But I understand that some people have really strong feelings about this president. Many people said the same thing about the last president, you know, he's your president, you know, he's not my president. I think he's the president of the United States.

Listen, Angela is an American citizen. She's free to feel how she wants. I know people who will not call his name. They'll only say "45".

That's up to them, but he's the president. Whether you want to call him that or not, your president or not your president, that's your business.

CUOMO: Context of a larger truth that she was arguing --

LEMON: Yes.

CUOMO: -- which is what she sees happening on the border to her is about intolerance and bigotry, and she reflected it back on her own personal experiences.

Listen to this.

(BEGIN VIDEO CLIP)

MILLER: He's our president, Angela. He's the president of the United States.

RYE: No, not mine. Not mine. I will never --

MILLER: Oh, not?

RYE: I will never claim a bigot, ever.

MILLER: Are you --

(END VIDEO LCIP)

CUOMO: That was the first one. She said I am an American and I wish I could tell you where my family is from exactly in Africa, but I can't, because they were brought here as slaves by the same bigots who are doing this on the border now.

LEMON: Yes. Well, I think -- well, I know people find what this administration is doing so egregious that they can -- there are many people who can understand why she says not my president. But there is a larger truth to what she says and each of us as anchors here on CNN, we went back and we traced our roots.

I don't know where my family is from. I have no idea, I have a general idea, but there aren't specific records. I think what the larger -- her larger point is that we haven't in this country dealt with racism in a substantial way. We refuse to talk about it when people bring it up, we're accused of being race baiters and on and on.

So, I think she's equating to people -- this administration treating people who cross the border as other. And that that is a -- that is a line that runs through the American fabric that we need to talk about.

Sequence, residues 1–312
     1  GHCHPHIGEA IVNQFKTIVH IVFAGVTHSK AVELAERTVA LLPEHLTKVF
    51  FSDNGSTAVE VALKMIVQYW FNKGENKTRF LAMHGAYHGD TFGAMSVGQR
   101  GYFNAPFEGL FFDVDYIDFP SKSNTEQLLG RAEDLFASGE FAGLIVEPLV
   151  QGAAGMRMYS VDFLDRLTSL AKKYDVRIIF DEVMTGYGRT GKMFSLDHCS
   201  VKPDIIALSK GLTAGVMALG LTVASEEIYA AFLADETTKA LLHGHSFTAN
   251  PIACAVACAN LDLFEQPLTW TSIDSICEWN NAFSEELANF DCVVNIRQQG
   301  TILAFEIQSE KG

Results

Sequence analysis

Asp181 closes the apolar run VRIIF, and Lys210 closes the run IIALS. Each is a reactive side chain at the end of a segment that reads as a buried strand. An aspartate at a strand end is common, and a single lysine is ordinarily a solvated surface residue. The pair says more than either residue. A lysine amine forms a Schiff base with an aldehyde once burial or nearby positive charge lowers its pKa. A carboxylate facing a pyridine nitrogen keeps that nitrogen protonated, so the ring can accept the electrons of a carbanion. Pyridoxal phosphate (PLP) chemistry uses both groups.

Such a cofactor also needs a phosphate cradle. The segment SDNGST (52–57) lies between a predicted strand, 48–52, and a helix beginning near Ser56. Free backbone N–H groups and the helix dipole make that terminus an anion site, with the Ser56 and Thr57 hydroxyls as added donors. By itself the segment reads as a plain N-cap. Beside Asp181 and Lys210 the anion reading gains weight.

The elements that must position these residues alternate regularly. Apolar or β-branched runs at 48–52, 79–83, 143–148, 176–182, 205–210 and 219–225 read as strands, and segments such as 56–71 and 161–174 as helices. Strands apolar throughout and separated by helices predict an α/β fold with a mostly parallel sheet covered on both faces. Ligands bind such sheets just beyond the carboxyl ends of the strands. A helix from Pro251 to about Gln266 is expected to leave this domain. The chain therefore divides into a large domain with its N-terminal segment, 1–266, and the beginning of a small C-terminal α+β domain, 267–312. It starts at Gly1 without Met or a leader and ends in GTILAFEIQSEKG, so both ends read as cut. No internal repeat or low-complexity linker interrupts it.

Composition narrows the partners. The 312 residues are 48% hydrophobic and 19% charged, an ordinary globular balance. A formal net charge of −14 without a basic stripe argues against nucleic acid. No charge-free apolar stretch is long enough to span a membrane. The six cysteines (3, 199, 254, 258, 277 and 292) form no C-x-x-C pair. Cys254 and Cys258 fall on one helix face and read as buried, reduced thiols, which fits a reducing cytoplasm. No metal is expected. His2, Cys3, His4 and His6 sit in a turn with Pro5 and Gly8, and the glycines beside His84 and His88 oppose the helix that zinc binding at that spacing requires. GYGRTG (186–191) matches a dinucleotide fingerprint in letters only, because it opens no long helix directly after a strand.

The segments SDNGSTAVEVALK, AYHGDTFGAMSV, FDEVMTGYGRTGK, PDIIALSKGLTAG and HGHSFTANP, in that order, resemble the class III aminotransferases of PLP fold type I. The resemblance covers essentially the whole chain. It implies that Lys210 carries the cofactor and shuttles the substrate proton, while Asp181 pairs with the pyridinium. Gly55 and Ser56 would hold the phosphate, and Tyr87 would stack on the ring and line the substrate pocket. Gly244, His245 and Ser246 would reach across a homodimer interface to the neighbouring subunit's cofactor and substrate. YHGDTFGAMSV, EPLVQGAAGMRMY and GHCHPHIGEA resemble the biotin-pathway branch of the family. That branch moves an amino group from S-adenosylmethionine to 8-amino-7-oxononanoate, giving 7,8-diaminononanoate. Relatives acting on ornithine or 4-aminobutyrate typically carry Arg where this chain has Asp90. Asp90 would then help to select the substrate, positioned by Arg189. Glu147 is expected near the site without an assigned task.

CUOMO: Strong point. D. Lemon, we'll watch your show at the top of the hour. We know one thing for sure about the people that you come from. It was a land of good looking people. Don Lemon, I'll see you at the top of the hour.

LEMON: And they love you. I don't know why, but they do.

CUOMO: All right. So, Don was just making a point there that's going to play into our closing argument.

Us versus them. What does it mean to be pro-life? The pope just made a major shift in Catholic teaching and it's getting a lot of attention. I'm going to argue it matters for a reason that many are not discussing, next.

(COMMERCIAL BREAK)

CUOMO: Please tweet me or go to my Instagram page and give me your take on this closing argument. El Papa, the pope, says the death penalty is no good under any

circumstances. It is now inadmissible as part to the catechism because it undermines the dignity of that life. Paragraph 2267 of the catechism.

Now, this is different. It used to be OK as a last resort if it was to avoid safety from the unjust. Now, he changed it.

So even a person who does something horrible to be redeemed, deserve dignity. That's the point that he's making. No longer just a last resort for safety.

This is smart on one level, stunning on another. Here's the argument. The smart part is squaring the logic of being pro-life. If you don't -- if you believe that you don't mess with life in one area, you don't mess with it, period.

It's logical, and it plays to an inconsistency that we see here in America. Many who call themselves pro-life are also pro-death penalty. That's always struck me as odd regardless of any arguments about innocence of the actor and biblical assertions of eye for an eye because for believers, either the big man calls the shots of who lives and who dies, or we do. Which is it?

But then I read a little bit more into Bergoglio's words and thoughts, and I thought about it a little bit more, and I see something that's not just smart but stunning. In Argentina, the pope then Bergoglio, that's his name, he wasn't only a huge opponent of the death penalty, but of inequities of how we treat the living. His argument has always been if you're pro-life, then you're pro-all life equally.

So, the question for you is, are you pro-life? And if you say yes, do you mean just when it comes to a fetus? How about when it comes to a grave felon? How about when it comes to color?

Now, you may answer quickly and say yes, but do you see that in the choices of your politics, in our collective choices about our economy, our institutions, our justice system? Do we see it on our border with all this us versus them? Christians and Muslims? For many now with how men treat women?

Look at the yawning gap of rich and poor in this country. How laws like "stand your ground" make killing so easy. That let white men go free and let black men die without an arrest.

It happens in a system where fairness under law is too often not the reality.

You look at the border. People are not valued the same. We know what their homelands have been called, how their illegal entry has become a judgment on their soul.

The pope is just as strong on respecting those lives as he is an unborn baby. Are you? Because if you are not, then you may have to reconsider your quick answer of being pro-life.

Thank you for watching.

"CNN TONIGHT" with Don Lemon starts right now.

There he is again.

[22:00:00]